A service manager with an automotive company, Tan had only been on Tinder for three months before meeting lecturer Yan, although she had been on-and-off the app since 2011.
“I still think our meeting through Tinder was a sheer fluke. If anyone were to ask me to recommend a dating app I would recommend something other than Tinder, ironically,” Yan said, finding issue with how the service doesn’t require users to put up much info on their profile, compared to other dating platforms.
Living in different towns – Yan in Kuala Lumpur and Tan in Mentakab, Pahang – they only met after a month of chatting. After meeting three times in as many months, the two decided to make it official, with Yan visiting her partner’s family.
Now married for six months, after being together for two years, the couple still live in different states.
“The distance is the most challenging. When Lai Peen has a bad day, all the words in the world will not be able to console her,” said Tan. They visit each other every other weekend and bridge the time in between with WhatsApp messages, video calls and sending each other gifts.
“We have no mutual friends at all, and as we are both homebodies and have a small circle of friends, we would probably never have met if it weren’t for the app,” said Yan.
Education consultant Janice Yong Jade Lynn, 29, and fraud specialist Jasvinder Singh Sarwan Singh, 36, had added each other as friends on Facebook a decade ago, but never actually met till last year at the wedding of a mutual friend in Ipoh, Perak.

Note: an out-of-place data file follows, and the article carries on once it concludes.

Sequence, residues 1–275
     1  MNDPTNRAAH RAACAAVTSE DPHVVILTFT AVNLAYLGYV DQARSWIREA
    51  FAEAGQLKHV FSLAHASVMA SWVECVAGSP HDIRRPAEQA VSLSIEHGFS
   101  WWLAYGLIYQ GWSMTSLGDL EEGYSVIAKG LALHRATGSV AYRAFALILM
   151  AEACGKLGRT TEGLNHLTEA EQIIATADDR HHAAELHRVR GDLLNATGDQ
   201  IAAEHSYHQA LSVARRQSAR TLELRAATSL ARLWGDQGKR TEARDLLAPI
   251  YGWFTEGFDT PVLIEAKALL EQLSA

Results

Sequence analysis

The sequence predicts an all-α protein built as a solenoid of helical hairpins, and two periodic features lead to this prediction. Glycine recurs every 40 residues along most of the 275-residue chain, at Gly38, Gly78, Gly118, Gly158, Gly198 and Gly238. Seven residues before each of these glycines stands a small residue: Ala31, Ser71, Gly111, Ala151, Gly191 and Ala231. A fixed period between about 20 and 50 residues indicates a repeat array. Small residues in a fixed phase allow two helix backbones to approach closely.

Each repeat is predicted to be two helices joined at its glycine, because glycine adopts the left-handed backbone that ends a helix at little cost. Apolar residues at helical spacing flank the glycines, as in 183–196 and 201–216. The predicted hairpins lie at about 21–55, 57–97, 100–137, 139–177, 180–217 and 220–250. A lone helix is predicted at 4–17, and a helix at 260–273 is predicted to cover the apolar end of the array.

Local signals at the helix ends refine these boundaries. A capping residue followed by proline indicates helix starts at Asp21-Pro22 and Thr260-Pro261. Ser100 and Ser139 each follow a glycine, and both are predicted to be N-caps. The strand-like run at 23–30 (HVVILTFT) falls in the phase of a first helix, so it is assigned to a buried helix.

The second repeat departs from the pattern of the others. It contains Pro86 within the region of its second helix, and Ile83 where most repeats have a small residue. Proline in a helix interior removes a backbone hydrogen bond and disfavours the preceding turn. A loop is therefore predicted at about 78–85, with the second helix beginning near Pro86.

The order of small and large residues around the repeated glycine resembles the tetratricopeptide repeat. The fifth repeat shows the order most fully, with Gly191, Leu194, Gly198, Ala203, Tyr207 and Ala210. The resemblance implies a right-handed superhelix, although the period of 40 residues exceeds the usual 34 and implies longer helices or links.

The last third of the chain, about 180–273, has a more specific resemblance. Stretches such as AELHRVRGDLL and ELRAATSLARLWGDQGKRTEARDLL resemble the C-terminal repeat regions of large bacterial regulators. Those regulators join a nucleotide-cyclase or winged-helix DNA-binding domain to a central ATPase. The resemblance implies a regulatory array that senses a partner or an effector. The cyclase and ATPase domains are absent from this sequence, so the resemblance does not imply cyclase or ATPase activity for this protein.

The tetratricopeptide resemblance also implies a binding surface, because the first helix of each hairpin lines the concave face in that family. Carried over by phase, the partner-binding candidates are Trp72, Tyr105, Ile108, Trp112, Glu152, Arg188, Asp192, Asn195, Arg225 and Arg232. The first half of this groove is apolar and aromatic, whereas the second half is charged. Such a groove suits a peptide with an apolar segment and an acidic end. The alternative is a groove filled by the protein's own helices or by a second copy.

“When I heard a lot of my exes were attending, I nearly bailed, but the groom insisted I come and that it would mean a lot to him,” she said. Meanwhile, Jasvinder was doing a favour for the groom too, working as the DJ of the night.
Not wanting to attend the wedding while “sad and single”, Yong tried to find a short-notice partner on Tinder when she arrived in Ipoh, even offering to rent a boyfriend for RM500 an hour. Unsurprisingly, she noted, everyone she talked to assumed it was a scam and declined.
The groom, noticing Yong had come alone, introduced her to Jasvinder.
Yong said he had caught her eye as she entered the wedding hall, but she assumed all DJs were players. Meanwhile he felt she was out of his league and unsure about approaching.
“When the groom introduced us, I was so shocked to realise this was the guy I knew from Facebook for like 10 years,” she said, explaining that both shared a passion for DJ-ing and had added each other while being in the same Facebook groups but never actually connected.
Yong added: “We have a lot of the same history and music taste, it’s so hard to believe we didn’t meet earlier”.
The two admitted they would not have considered connecting if they weren’t already long-time acquaintances on Facebook and without the groom’s introduction.
Yong said though they were both on Tinder prior to meeting, she preferred knowing people on Facebook so she could do background checks, finding mutual friends and reading through a complete profile page compared to the few-lines-only introduction on dating apps.